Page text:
Stem Cells and Diabetes

In 2010, more than 200,000 Americans under the age of 20 had diabetes, according to the Centers for Disease Control and Prevention (CDC). Diabetes is the seventh leading cause of death in the United States, but researchers have found a potential cure, at least for one form of the disease.

There are two types of diabetes: Type 1 diabetes is an autoimmune disease in which the body attacks beta cells in the pancreas that secrete the important hormone insulin, whereas type 2 diabetes occurs when an unhealthy lifestyle, along with genetic factors, contributes to faulty insulin regulation.

Currently, people living with type 1 diabetes must take daily insulin shots. Because their beta cells have been destroyed, type 1 diabetics cannot properly produce or regulate insulin. Insulin is the hormone that facilitates the uptake of glucose by blood cells.

Glucose, which is essentially sugar, fuels our bodies, but without insulin, glucose molecules simply float around in the blood without being taken up by red blood cells and carried to areas of the body that need it, like the heart and brain. If you’ve ever run a car down to empty, it’s easy to imagine what happens when a complex machine can’t get enough fuel.

Researchers from the University of Missouri School of Medicine have now found a potential cure for type 1 diabetes, and it turns out that the fix is in the blood vessels.

A Fix for Diabetic Mice

Faulty beta cell regeneration is at the root of type 1 diabetes, and researchers led by Habib Zaghouani, Ph.D., have found a potential prescription. The pancreas is an organ located in the abdomen that contains clusters of cells called islets. These islets house beta cells, except in the case of type 1 diabetes when the beta cells have been mistakenly destroyed by the immune system. When the beta cells are destroyed, the blood vessels supporting them die as well.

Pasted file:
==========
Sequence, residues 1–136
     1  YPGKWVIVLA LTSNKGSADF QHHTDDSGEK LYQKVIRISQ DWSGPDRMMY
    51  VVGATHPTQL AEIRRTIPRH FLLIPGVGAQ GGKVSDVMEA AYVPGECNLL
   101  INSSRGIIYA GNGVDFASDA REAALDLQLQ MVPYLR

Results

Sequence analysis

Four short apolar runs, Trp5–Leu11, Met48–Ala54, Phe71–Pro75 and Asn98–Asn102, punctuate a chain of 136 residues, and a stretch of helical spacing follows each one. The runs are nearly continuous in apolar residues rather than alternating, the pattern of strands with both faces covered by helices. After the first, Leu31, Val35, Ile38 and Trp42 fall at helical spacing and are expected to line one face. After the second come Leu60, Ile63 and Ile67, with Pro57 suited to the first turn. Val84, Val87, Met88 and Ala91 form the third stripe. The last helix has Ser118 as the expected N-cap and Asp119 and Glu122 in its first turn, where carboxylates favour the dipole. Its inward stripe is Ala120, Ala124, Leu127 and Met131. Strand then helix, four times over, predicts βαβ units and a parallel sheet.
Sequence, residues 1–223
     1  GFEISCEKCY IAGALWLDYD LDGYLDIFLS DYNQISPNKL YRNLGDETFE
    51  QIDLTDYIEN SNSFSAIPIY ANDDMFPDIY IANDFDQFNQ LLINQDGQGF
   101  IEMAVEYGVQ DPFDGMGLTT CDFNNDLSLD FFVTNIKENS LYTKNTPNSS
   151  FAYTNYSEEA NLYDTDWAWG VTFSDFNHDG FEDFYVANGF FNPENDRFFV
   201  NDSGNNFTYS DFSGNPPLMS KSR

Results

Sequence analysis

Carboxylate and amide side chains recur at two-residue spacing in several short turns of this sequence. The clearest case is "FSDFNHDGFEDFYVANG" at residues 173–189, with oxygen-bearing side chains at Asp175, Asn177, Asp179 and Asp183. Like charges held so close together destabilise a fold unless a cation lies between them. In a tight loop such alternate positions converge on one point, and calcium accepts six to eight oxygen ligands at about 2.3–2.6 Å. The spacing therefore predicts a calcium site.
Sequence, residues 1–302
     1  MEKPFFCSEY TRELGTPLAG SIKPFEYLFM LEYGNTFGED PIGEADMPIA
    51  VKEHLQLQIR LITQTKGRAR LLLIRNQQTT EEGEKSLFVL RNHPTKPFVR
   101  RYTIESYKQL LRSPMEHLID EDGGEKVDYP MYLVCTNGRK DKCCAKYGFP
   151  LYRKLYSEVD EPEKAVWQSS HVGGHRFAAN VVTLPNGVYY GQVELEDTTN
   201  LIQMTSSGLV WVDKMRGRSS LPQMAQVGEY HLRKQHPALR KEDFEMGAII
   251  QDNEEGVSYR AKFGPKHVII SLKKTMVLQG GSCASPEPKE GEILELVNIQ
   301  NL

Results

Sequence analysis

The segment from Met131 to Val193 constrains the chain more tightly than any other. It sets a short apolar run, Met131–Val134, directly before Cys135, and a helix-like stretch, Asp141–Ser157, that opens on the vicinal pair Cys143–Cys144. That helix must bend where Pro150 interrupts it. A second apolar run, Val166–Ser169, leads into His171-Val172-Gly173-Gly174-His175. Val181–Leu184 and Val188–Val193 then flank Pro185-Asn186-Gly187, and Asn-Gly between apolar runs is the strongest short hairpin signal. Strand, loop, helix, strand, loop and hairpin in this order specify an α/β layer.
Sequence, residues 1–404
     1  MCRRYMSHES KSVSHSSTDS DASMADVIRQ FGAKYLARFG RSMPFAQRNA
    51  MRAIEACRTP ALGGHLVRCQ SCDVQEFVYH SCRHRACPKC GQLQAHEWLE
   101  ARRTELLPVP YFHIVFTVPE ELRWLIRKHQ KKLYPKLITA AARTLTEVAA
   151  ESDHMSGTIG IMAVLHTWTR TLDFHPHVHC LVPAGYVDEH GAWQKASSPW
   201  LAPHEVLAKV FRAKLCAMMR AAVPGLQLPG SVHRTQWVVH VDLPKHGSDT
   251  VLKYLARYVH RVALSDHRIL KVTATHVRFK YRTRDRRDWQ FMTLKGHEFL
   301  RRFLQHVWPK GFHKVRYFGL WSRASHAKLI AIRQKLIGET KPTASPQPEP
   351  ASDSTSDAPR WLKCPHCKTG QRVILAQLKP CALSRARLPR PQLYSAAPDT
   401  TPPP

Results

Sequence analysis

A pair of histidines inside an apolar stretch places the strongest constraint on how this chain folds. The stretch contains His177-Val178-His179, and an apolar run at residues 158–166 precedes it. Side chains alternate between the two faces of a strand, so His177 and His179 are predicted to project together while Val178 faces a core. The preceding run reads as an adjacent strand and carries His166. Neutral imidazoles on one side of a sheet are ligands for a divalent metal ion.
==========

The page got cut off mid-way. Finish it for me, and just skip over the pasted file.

“It’s like when you drop a bomb to destroy a building, the bomb is going to hurt neighboring things,” Zaghouani said in an interview with Healthline. “When the immune system attacks the beta cells there is collateral damage to the blood vessel or nearby to the islet and that’s how this problem arises.”

Without beta cells to produce insulin, the blood sugar levels of type 1 diabetics fluctuate dangerously, with effects ranging from fainting to grouchiness to limb loss and even death. So, if researchers can fix the beta cells, they can fix the problem.

Without the blood vessels to supply the beta cells, they can be no regrowth. The treatment Zaghouani developed, a combination of a new drug called Ig-GAD2 and adult stem cells from bone marrow leads to the production of new blood vessels, which in turn facilitates the regrowth or new growth of insulin-producing beta cells.

Bone marrow stem cells are capable of regenerating insulin-producing beta cells, so researchers combined bone marrow stem cells with Ig-GAD2 and found that mice with type 1 diabetes recovered. The stem cells and Ig-GAD2 combination helped regrow blood vessels that fed pancreatic islets, which in turn allowed the islets to produce new beta cells.

"We saw other data supoprting the treatment, and by using bone marrow cells we were hoping to help the beta cells reproduce. We found that that’s not what the bone marrow is doing, exactly. It’s giving life to blood vessels within the pancreas and that was very, very surprising,” Zahouani said. “We have been driven to conclude that you needed the bone marrow cells to fix the blood vessels in the islet of the pancreas to help the beta cells.”

After further research and development, it’s possible that a cocktail of bone marrow stem cells and Ig-GAD2 will not just replace daily insulin injections, but actually turn the bodies of type 1 diabetics back into self-sustaining, healthy systems capable of producing and regulating insulin.

Zaghouani says he hopes to eventually go a step further and to do away with the drug altogether. “I would like to do research where, by finding a way to just supply the blood vessels, stem cells would cure the disease without needing the drug to eliminate the immune cells,” he said.

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